Early signs of ALS may include pain-related symptoms, such as muscle cramps.
Many people may have been under-informed about ALS before summer 2014’s ALS ice bucket challenge took over social media and the release of The Theory of Everything, an Oscar-nominated film based on famed physicist Stephen Hawking’s struggle with ALS. Amyotrophic lateral sclerosis is commonly referred to as Lou Gehrig’s Disease after the Yankees first baseman who died at the age of 37, just two years after being diagnosed with the disease.
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The ALS ice bucket challenge moved celebrities and everyday people to action, raising $115 million in just a few short months. Participants posted video of themselves pouring buckets of ice water over their heads, and nominated friends to do the same- or fork over a $100 donation to the ALS Association.
Raising awareness is a top priority for the numerous organizations dedicated to ALS: According to the ALS Therapy Development Institute ALSTDI, there are 30,000 Americans living with this progressive neurodegenerative disease that causes muscle weakness, paralysis, and eventually, respiratory failure.
Though pain is not necessarily one of the defining symptoms of ALS, the disease attacks the cells in the brain and spinal cord that are necessary for muscle movement. Some of the early signs may include pain-related symptoms, such as muscle cramps and muscle twitching, as well as weakness in the lower extremities and difficulty speaking or swallowing.
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In The Theory of Everything, Eddie Redmayne’s Oscar-winning portrayal of Stephen Hawking showed audiences the gradual, and sometimes also sudden, deterioration. We see Redmayne as Hawking losing his ability to walk and speak clearly, if at all. He eventually ends up in a wheelchair and speaks through a computer.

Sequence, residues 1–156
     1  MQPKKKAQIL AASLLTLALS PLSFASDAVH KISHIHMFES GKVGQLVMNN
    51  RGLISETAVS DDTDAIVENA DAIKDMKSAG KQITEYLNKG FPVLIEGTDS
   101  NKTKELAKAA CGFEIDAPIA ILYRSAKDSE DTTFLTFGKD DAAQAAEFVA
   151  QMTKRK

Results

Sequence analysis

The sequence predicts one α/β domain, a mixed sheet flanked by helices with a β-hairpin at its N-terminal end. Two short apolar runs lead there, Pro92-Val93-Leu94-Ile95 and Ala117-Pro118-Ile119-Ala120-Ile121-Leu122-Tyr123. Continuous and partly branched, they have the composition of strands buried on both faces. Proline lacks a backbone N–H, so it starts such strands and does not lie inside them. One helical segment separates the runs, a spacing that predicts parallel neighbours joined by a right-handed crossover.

According to Edward Kasarskis, M.D., Ph.D., Director of the multidisciplinary ALS Center at the University of Kentucky Neuroscience Center in Lexington, Kentucky, the source of muscle pain in ALS is complex. Dr. Karsarkis says leg cramps are common in people affected by ALS. The complexity lies in another type of muscle pain experienced by those with this disease, which occurs when they are using all of their energy to move, and their brain and body part just aren’t making a connection- it could be a movement as simple as brushing their hair. Others may experience joint pain from their shoulder, for example.
Even though ALS/Lou Gehrig’s disease does not cause pain in and of itself, it’s the effects- weakness, paralysis and eventual immobility- that may result in musculoskeletal pain. In fact, the global impact of musculoskeletal diseases is rising due to the aging of the population and more musculoskeletal trauma. It’s not just physical though- The Theory of Everything explored the profound emotional effects ALS puts on its sufferers and their families, their caretakers. The film showed the slow decline of Stephen and Jane’s marriage. Of course only they know the real story, but the audience was left with the impression that the disease took its toll on their romance after the two had an almost abrupt but extremely emotional conversation that ends with Jane saying “I have loved you. I did my best.”
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